The most prevalent legend is the story of Mahishasura, the buffalo-headed demon king, who pleased Lord Shiva and was, granted the boon that he would be invincible and undefeatable by any man. But soon, Mahishasura set out on a rampage killing people for no reason and even driving the deva out of ‘heaven’.

The Gods collectively went to Lord Shiva and pray him to do something, to protect the people. Thus, the Trinity of Brahma, Vishnu, and Shiva invested their powers in energy that took the form of Goddess Durga to conquer the demon Mahishasura.

The Gods also offered her their distinct weapons such as the axe and the sword. Mahishasura was taken in by Goddess Durga’s beauty and approached for marriage.

The Goddess agreed but set forth a challenge that he would defeat her in a battle, and then she would get married. The battle lasted for nine nights and on the ninth night, Goddess Durga beheaded Mahishasura. The nine nights came to be known as Navratri, while the tenth day was called Vijayadashmi, the final day when truth and goodness prevail over evil.

Also Read:- Navratri Ashtami Kanya Pujan

Story of Daksha and Sati

This is related to the famous legend of Sati. The king of the Himalayas, Daksha had a daughter named Uma. She wished to marry Lord Shiva and did penance to please him. When Lord Shiva came to marry her, his intimidating countenance (clothed in tiger skin with snakes around his neck) and that of the people accompanying him disconcerted Daksha.

Later, when he organized a grand-scale ‘yagna’, he deliberately refrained from inviting his daughter and son-in-law. Realizing the magnitude of the insult, Uma immolated herself in the ‘Agni Kund’.

Shiva became furious and did Tandava dance with Uma on his shoulder. The dance unleashed the forces of destruction, enough to threaten nature’s balance.

To end Shiva’s destructive anger, Narayana cut Uma’s body and the different parts of her charred body fell in different parts of the country and the world. The places where the parts fell are worshipped today as ‘Shakti Peeths’ and she came to be known as Sati.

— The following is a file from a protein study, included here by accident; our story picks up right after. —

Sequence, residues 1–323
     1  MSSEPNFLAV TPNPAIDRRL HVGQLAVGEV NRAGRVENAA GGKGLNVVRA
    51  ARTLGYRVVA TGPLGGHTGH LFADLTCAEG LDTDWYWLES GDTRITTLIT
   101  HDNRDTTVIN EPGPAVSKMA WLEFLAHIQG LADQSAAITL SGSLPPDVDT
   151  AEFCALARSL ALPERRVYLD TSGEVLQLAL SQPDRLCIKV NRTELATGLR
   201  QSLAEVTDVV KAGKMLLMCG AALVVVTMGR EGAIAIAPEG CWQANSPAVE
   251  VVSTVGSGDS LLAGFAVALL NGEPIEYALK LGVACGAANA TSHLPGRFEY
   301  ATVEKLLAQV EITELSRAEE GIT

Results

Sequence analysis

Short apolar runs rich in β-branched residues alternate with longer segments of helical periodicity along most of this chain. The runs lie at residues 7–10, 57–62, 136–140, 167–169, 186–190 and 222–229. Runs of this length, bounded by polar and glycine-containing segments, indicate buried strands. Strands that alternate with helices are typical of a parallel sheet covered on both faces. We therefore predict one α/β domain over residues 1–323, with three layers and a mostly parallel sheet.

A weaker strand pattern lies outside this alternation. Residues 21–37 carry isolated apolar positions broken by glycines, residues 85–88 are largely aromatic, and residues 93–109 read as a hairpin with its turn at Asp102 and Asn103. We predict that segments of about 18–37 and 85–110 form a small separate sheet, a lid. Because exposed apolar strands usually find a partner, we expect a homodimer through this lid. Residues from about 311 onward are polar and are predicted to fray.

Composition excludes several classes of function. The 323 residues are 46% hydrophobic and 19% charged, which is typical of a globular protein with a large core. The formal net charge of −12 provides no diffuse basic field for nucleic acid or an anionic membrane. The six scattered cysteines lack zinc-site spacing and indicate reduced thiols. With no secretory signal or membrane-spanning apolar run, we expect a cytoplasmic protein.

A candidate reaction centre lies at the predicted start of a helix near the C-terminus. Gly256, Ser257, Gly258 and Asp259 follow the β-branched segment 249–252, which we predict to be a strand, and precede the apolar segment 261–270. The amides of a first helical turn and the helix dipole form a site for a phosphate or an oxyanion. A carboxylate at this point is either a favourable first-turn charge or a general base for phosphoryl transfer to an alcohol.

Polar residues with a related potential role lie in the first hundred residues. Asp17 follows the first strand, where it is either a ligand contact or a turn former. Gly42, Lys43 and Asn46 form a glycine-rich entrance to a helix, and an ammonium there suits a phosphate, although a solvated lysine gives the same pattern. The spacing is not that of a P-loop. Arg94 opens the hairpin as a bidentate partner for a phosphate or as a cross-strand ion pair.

Brahma reassured Shiva that Uma would take re-birth and unite with Lord Shiva as his consort. In her reincarnation, she fulfilled her destiny. Hence, Navratri is celebrated as the homecoming of Uma with Ganesh, Kartik, Saraswati, and Lakshmi along with companions Jaya and Bijaya during Sharad Ritu.

Also Read:- Shailputri 1st Day of Navratri

The Lotus Legend of Rama and Ravana

As per the epic Ramayana, at the behest of Narada Muni, Lord Rama worshipped Goddess Durga in her nine aspects to earn the blessings of Ma Shakti to defeat Ravana, the powerful king of Lanka who had abducted Sita. He continued his puja for nine days and nights with lotuses.

He was short of one lotus and thought of offering his eye to overcome the shortfall, when Maa Durga appeared before him, urging him not to make the sacrifice and blessing him. On the tenth day, Lord Rama was successful in killing Ravana.

The nine days are observed ritualistically as Navratri by devotees and the tenth day is celebrated as ‘Vijayadashmi’ or ‘Dussehra’, when good triumphed over evil.

Apart from the eternal message of good over evil, and virtue over misdeed, Navratri also has strong fertility associations. Ma Shakti is worshipped as the giver and one who nourishes all her children.

Navratri is a religious festival dedicated to the Hindu goddess Durga thus the festival is also known as Durga Puja. Navratri is a nine-day festival that comes four times a year. But 2 of them are warmly celebrated.


India is known for its diverse culture and people celebrate Navratri as per their regional culture and traditions. Bengal celebrates Navratri as Durga Puja. Gujarat celebrates this religious festival with its Gujarati culture and traditions.